x = $$\frac{A_{\text {approx }}}{\text { Equiv. wt }}$$

7. Mitcherlich’s Law of Isomorphism and Calculation of Atomic Weights:
As per this law, if elements A, and B are forming isomorphous crystal then
$$=\frac{\text { wt. of element } A \text { that combines with a certain wt. of other elements }}{\text { wt. of element } B \text { that } \text { combines with a same wt. of other elements }}$$
= $$\frac{\text { At. wh. of } A}{\text { At. wt. of } B}$$

8. Normality:
∴ N = $$\frac{w \times 1000}{E \times v}$$
1 semi normal means N/2 solution
1 decinormal mean N/10 solution
1 centinormal mean N/100 solution.
1 milli normal means N/1000 solution

9. Volume strength of H2O2:
volume strength = 11.2 × molarity strength
volume strength of H2O2 = 5.6 × Normality strength

10. Hardness of Water:
(a) Reasons of hardness of water:
The hardness of natural water is generally caused by the presence of the bicarbonates and sulphates of calcium and magnesium but infact all soluble salts that form a scum with soap cause hardness.

Salts containing Mg2+, Ca2+, Al3+ etc. (except the salts of alkali metals ‘ viz, Na, K, Li etc) are responsible for imparting hardness into the
water. Dilute hydrochloric acid also behaves as hard water.

(b) Classification of hardness:

• Temporary hardness
• Permanent hardness.

1. Temporary hardness:
This is due to the presence of bicarbonates of calcium and magnesium.
CaCO3 + H2O + CO2 → Ca (HCO3)2
Temporary hardness in water is easily removed by boiling. Temporary hardness can also be removed by clark’s process which involves the addition of slaked lime, Ca (OH)2
Ca(HCO3)2 + Ca(OH)2 = 2 CaCO3↓+ 2H2O

2. Permanent hardness:
Permanent hardness is introduced when water passes over rocks containing the sulphates or chlorides of Ca, Mg, Al and Fe etc. Permanent hardness cannot be removed by boiling or by the addition of slaked lime.

(c) Methods for the removal of permanent hardess in water:

• Washing soda
• Permutit Process
• Calgon Process and
• Ion exchange resin process

(a) Degree of Hardness:
The degree of hardness of water is defined as the number of parts of calcium carbonate or equivalent to various calcium and magnesium salts present in a million parts of water. This is also symbolically represented ppm (in terms of CaCO3)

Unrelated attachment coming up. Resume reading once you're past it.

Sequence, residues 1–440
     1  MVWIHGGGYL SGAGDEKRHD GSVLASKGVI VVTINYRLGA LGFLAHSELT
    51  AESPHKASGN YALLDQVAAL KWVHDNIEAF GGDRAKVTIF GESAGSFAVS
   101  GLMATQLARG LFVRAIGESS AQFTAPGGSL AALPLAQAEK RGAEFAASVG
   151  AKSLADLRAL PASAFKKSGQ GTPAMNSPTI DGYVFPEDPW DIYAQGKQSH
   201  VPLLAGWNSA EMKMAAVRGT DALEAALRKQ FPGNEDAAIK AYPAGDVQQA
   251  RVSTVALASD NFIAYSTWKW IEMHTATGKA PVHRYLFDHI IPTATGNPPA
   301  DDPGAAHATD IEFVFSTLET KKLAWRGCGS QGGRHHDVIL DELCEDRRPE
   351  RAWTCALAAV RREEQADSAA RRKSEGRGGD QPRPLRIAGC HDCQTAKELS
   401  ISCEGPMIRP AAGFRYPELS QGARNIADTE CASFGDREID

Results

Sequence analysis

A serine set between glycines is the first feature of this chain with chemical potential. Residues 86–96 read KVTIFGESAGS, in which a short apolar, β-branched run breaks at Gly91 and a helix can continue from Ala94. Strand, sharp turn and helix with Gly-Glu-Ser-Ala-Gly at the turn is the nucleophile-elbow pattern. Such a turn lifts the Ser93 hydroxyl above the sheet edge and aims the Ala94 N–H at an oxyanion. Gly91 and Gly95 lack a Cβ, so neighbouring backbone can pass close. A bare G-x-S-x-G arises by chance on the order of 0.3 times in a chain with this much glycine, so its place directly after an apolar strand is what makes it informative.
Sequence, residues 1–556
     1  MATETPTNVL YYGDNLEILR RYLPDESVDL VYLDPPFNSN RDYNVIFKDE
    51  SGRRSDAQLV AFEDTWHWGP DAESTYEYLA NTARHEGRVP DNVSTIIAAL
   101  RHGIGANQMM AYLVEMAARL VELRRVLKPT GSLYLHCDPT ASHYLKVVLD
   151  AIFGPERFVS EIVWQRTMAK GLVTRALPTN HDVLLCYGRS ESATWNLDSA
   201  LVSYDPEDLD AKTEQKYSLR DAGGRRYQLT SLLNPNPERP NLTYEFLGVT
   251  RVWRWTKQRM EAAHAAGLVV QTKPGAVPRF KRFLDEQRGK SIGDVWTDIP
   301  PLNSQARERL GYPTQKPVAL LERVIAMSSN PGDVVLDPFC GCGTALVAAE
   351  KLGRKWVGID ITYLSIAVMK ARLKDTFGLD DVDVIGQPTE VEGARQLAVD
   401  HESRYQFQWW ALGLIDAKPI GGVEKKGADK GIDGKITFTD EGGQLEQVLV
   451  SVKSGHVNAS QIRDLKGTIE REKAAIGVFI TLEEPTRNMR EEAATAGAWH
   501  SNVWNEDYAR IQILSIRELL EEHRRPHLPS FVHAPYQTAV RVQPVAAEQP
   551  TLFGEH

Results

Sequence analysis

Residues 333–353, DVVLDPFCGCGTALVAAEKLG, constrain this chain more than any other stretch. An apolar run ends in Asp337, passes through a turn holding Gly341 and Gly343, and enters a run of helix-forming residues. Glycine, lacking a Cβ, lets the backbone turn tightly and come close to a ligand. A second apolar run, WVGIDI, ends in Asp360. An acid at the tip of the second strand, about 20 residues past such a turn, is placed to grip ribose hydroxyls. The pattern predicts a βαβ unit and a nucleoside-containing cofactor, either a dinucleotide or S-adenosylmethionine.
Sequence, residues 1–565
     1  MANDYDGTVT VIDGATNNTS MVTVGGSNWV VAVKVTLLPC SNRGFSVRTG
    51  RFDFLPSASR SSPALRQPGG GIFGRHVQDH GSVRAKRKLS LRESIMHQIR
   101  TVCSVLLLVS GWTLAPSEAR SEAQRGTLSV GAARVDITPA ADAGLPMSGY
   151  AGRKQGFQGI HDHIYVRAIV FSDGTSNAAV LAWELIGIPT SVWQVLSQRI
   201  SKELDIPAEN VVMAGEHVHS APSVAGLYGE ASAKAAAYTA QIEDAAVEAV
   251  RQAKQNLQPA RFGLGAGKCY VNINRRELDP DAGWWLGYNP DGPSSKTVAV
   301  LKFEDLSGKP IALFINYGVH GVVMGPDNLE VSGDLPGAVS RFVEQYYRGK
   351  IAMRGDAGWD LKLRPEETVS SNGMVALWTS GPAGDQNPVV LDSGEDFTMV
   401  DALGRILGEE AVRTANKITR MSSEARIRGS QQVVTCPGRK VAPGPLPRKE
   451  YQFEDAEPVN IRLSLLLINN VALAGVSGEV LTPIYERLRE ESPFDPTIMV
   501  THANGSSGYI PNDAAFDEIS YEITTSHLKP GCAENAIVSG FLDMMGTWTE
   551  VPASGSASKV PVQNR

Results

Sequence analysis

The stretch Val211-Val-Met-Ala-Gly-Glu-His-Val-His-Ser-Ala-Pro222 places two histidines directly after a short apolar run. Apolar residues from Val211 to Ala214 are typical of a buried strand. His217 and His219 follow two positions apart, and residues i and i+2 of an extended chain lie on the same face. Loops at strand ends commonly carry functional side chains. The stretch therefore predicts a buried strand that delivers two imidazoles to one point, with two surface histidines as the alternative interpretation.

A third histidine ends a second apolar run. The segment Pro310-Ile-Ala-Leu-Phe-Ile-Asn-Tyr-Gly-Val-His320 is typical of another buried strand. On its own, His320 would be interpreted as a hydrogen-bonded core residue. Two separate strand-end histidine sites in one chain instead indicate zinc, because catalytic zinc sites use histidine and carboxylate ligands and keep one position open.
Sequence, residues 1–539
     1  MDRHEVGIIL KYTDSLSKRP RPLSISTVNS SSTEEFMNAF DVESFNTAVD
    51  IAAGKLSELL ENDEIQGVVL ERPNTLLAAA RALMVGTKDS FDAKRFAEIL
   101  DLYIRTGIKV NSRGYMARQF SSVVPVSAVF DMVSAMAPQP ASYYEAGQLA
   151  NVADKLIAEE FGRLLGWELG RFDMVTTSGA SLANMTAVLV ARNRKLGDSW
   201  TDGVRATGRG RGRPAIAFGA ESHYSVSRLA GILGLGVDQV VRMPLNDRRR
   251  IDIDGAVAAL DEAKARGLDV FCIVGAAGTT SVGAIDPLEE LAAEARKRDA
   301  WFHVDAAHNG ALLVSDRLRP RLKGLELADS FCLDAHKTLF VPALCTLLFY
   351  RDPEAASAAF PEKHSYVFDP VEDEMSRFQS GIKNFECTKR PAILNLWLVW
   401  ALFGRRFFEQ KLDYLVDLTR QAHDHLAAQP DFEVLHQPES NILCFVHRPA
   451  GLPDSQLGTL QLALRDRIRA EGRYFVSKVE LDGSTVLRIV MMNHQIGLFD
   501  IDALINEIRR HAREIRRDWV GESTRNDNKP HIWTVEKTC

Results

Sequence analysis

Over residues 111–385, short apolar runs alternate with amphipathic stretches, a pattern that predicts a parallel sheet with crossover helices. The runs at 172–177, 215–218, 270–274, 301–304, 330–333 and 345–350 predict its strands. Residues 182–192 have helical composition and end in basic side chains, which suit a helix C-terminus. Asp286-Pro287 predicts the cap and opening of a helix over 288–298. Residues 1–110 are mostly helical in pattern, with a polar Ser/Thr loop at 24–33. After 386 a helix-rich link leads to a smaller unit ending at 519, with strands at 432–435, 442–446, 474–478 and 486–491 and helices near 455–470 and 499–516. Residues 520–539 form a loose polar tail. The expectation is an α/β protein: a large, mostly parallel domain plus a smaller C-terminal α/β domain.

0° —10° hardness is considered to be soft water
10° — 20° hardness is considered to be mild hard water
20° — 30° & above is considered to be hard water

11. Volumetric Analysis:
(i) Briefly, volumetric chemical analysis consists in experimentally finding the volume of a standard solution which will react completely with given quantity or a measured volume of a solution of unknown concentration.

(ii) Usually point at which the reaction is completed is called the end-point and is indicated by suitable colour changes brought about by means of very small quantity of third substances called indicators. The entire process is known as titration.

(a) Primary standard solution:
A primary standard is a substance of high purity, with the purity known within very close limits. It can be measured and weighed on a balance, and it will react stoichiometrically.

(b) Types of primary standard:
There are many types of primary standard for any purpose. All must be capable of:

• Being dried at 100 °C to 110 °C
• Being cooled in weighing bottles inside dessicators.
• Being weighed with no more than ordinary care.
• Reacting stoichiometrically. That is, they must follow exactly the course of a chemical equation.

(c) Primary standard Acids:

• Potassium hydrogen phthalate, KHC8H4O4.
• Benzoic acid: C6H5COOH
• Sulphamic acid: HNH2SO3
• Oxalic acid H2C2O4. 2H20

(d) Primary standard Base:
Na2CO3, CaCO3, Na2B4O7. 10H2O (borax).
(i) Primary standard oxidizing agents:
Only one primary standard oxidizing agent, K2Cr2O7 is commonly used in the laboratory.

(ii) Primary standard Reducing agents:
☞ Sodium oxalate, Na2C2O4
☞ Arsenic trioxide, As2O3
☞ Electrolytic iron, Fe, is available in a high degree of purity.
☞ Mohr’s salt, FeSO4.(NH4)2 SO4.6H2O.

(e) Choosing an Indicator:
Choice of indicator for a particular reaction depends on the following factors –

• pH at the equivalence point,
• pH range of the indicator,
• Direction of titration – whether approaching the equivalence point from acid side or from the alkaline side.

(f) Here we are mentioning some common acid-base indicators: Visit the go-to place of many when it comes to Formulas of different subjects i.e. Onlinecalculator.guru and get a good grip on the concepts underlying.